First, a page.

[Review] Demon House (2018)
Demon House – As mass hysteria breaks out over an alleged demonic possession in an Indiana home, referred to as a Portal to Hell, “Ghost Adventures” host and paranormal investigator Zak Bagans buys the house, sight unseen, over the phone. Zak and his crew are unprepared for the demonic forces that await them at the location, as he and his crew become the next victims of the most documented case of demonic possession in US history, while famously carrying the title of the “House of 200 Demons.”
I first read about this notorious house in our local newspaper and in a few discussion forums so I had already made my mind up to see it as soon as it was released. I’ve always been a fan of the Ghost Adventures TV show and the hype over the host of that show, Zak Bagans, purchasing the house, sight unseen, made me want to see it even more. If you’ve seen all the reports covering this house first, you’ll probably enjoy it more, so if you haven’t read any of the articles or the news reports on TV it would be worth watching.
The actual documented events surrounding this house, and what caused the filming of it is essentially about a family living in a fairly harmless looking home in Gary, Indiana, who was plagued by a series of terrifying events that are said to be demonic in nature. All of the children supposedly become possessed, causing one of them to walk backward up a wall in front of social services workers and mental health professionals. As the phenomena grew, witnesses included a number of police officers, who would be considered reliable witnesses in a court of law. At the same time, the family doctor writes this all off as being nothing more than a mass delusion involving everyone involved.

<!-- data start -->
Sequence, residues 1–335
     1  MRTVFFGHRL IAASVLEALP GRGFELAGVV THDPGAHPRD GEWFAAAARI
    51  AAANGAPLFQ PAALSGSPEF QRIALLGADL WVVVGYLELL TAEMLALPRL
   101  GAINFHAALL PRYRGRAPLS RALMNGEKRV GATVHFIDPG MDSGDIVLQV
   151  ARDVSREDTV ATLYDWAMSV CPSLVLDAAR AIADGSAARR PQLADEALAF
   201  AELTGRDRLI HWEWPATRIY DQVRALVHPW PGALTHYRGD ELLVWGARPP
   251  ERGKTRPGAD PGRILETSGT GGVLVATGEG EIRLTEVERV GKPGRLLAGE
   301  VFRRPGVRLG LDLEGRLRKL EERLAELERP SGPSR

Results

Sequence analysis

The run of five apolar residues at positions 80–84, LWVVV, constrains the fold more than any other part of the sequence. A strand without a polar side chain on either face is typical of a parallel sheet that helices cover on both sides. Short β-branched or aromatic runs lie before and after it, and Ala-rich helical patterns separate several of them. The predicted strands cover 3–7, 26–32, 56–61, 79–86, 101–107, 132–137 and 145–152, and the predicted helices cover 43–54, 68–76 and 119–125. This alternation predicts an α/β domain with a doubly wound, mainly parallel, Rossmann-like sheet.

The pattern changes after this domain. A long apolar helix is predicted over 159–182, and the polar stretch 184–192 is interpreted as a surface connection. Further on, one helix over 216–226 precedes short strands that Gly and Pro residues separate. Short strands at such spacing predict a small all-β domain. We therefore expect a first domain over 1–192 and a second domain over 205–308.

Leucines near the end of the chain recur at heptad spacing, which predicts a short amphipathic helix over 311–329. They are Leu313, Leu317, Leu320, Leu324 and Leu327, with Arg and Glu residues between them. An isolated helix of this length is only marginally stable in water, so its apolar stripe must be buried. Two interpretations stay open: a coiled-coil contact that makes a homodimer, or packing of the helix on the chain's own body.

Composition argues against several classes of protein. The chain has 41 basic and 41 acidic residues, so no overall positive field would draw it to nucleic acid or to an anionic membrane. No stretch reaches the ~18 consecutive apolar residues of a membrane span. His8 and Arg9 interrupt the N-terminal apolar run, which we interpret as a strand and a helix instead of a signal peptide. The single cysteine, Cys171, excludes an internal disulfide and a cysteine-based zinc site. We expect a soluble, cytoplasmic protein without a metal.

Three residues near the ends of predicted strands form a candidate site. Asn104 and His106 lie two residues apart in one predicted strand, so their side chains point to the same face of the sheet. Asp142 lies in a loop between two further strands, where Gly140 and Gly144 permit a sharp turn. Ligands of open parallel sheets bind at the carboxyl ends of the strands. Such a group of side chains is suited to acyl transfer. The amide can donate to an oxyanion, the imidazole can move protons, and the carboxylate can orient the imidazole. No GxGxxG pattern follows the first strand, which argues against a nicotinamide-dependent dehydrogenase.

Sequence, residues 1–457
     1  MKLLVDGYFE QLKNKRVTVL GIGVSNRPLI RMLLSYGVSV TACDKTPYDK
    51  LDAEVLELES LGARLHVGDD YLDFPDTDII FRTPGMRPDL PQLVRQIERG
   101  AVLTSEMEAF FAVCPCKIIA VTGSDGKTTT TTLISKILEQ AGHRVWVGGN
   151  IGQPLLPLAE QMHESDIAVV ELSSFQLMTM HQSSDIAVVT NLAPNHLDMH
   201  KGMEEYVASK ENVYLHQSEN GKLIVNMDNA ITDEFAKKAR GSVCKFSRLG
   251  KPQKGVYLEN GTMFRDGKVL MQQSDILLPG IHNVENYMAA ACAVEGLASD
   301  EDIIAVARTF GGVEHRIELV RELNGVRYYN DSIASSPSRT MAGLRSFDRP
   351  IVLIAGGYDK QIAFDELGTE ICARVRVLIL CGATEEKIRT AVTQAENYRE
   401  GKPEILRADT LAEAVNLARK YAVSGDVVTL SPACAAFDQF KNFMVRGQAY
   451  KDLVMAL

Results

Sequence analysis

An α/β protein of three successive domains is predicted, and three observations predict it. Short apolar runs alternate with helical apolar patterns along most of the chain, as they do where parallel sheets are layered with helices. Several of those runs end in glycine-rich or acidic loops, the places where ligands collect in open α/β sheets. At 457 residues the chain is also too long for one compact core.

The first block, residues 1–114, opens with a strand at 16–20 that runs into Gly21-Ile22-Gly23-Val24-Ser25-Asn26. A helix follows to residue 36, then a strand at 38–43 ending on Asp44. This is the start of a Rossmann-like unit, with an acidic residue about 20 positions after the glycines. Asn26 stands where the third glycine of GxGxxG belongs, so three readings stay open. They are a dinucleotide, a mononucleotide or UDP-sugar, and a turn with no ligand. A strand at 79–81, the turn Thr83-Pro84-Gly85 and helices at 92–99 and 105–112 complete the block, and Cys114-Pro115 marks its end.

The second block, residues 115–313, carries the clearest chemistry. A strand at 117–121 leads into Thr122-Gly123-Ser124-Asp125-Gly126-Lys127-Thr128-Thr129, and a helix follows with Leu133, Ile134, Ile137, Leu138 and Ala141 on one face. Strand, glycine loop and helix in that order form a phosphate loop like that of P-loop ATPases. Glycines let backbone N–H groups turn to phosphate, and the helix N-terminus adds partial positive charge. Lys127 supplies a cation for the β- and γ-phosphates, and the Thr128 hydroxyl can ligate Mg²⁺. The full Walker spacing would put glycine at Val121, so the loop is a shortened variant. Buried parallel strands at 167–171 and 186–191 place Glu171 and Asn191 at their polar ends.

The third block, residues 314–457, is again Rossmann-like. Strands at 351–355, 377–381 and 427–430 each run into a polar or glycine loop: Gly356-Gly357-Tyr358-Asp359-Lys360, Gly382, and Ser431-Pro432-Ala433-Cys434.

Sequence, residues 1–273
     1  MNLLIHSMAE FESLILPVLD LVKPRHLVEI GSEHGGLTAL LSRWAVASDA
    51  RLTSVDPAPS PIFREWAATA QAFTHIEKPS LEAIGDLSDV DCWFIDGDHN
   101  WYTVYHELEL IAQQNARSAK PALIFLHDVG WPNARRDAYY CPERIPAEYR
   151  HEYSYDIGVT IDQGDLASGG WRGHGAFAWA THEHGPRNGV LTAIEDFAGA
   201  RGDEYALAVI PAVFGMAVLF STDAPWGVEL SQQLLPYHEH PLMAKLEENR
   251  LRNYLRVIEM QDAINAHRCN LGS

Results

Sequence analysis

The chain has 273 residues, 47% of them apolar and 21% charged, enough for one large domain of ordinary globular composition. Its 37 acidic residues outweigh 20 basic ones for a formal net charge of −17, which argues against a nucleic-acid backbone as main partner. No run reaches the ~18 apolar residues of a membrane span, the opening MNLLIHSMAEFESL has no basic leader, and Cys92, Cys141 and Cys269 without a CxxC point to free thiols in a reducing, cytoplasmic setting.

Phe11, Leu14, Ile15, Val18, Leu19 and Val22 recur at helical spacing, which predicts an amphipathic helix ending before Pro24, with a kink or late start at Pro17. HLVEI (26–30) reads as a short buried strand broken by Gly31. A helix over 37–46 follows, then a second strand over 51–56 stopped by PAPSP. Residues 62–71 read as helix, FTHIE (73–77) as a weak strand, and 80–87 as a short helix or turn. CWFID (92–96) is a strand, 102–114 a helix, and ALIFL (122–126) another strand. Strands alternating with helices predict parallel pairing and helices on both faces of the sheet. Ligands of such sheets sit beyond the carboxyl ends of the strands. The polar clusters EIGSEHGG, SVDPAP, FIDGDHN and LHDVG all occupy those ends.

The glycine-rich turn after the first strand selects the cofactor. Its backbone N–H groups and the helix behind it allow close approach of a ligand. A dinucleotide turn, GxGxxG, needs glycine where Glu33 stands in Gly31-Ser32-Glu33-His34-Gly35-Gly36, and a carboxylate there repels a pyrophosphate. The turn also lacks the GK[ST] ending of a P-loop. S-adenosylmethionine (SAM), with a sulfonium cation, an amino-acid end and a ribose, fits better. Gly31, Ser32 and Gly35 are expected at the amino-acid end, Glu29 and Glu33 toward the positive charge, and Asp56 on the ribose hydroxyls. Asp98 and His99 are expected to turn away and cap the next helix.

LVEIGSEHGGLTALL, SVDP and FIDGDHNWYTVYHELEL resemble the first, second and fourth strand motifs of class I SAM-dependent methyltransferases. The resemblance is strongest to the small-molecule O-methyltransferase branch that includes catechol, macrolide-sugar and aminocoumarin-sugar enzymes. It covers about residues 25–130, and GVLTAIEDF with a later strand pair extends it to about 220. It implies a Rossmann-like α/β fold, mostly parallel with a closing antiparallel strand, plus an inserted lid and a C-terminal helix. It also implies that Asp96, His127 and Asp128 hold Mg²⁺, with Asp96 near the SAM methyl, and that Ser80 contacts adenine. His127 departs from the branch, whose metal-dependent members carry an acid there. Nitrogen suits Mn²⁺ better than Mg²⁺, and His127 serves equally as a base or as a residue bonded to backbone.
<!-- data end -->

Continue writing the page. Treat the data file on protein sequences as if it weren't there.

Professional ghost-hunter Zak Bagans claimed the house was a portal to Hell. He admits he bought the house with the intent of making a documentary movie about the alleged demonic affliction and wanted to get to the bottom of the “Ammons House” lore and to capture any proof of a haunting on camera. Zak then reports that he got more than he bargained for. Or as he puts it, “This is the case that really fucked me up.” The family, however, completely refused to cooperate, out of fear that the haunting would follow them.
The story of Demon House contains enough information and details to intrigue even a skeptic, and Bagans’ tendency to stir things up with horror in his movie techniques makes this a movie to scare to the hell out of the true believers. Bagans and crew soon fall prey to the dark entities, which are said to be over 200 demons dwelling inside the house, and we start to see footage of very violent behavior on Bagans and the others. One of his crew members quits right there on the spot, another has to be fired due to his aggressive behavior.
It’s hard to say how much of the story is factual and how much is a figment of the original occupants and the crew’s imagination, but the film took three years in the making, with its release being pushed back multiple times. Bagan states at the beginning of the movie that this is because the production was being cursed, claiming that the case was afflicted with a host of unexplained illnesses and injuries, and cases of bad fortune, all of which is said to be associated to their connection with the Demon House.
There’s also a disclaimer at the beginning that warns the unwary that demons may be able to attach themselves via electronic means and that you should only watch the film at your own risk. So you’ll have to decide if that was a sincere and meaningful gesture or a marketing stunt itself.
Title: Demon House
Release Date: March 16, 2018
Runtime: 1 hour, 51 minutes
Genre: Horror, Thriller, Documentary
Studio: Freestyle Digital Media
Starring: Zak Bagans, Father Michael Maginot, Dr. Barry Taff
MPAA Rated: NR
Directors: Zak Bagans
Reviewed by: Dr. Butcher
Our Rating: 3.2 /5
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